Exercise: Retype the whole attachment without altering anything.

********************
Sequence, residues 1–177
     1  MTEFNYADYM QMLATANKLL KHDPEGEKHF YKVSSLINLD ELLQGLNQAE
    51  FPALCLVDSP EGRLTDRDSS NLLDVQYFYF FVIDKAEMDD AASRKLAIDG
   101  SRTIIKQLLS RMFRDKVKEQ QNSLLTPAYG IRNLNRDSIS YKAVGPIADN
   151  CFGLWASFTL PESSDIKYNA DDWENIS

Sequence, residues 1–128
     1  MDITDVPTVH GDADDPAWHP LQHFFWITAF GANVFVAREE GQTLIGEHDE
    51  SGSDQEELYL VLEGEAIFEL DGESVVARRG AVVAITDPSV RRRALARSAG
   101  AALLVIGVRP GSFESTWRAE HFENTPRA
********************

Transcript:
Sequence, residues 1–177
     1  MTEFNYADYM QMLATANKLL KHDPEGEKHF YKVSSLINLD ELLQGLNQAE
    51  FPALCLVDSP EGRLTDRDSS NLLDVQYFYF FVIDKAEMDD AASRKLAIDG
   101  SRTIIKQLLS RMFRDKVKEQ QNSLLTPAYG IRNLNRDSIS YKAVGPIADN
   151  CFGLWASFTL PESSDIKYNA DDWENIS

Sequence, residues 1–128
     1  MDITDVPTVH GDADDPAWHP LQHFFWITAF GANVFVAREE GQTLIGEHDE
    51  SGSDQEELYL VLEGEAIFEL DGESVVARRG AVVAITDPSV RRRALARSAG
   101  AALLVIGVRP GSFESTWRAE HFENTPRA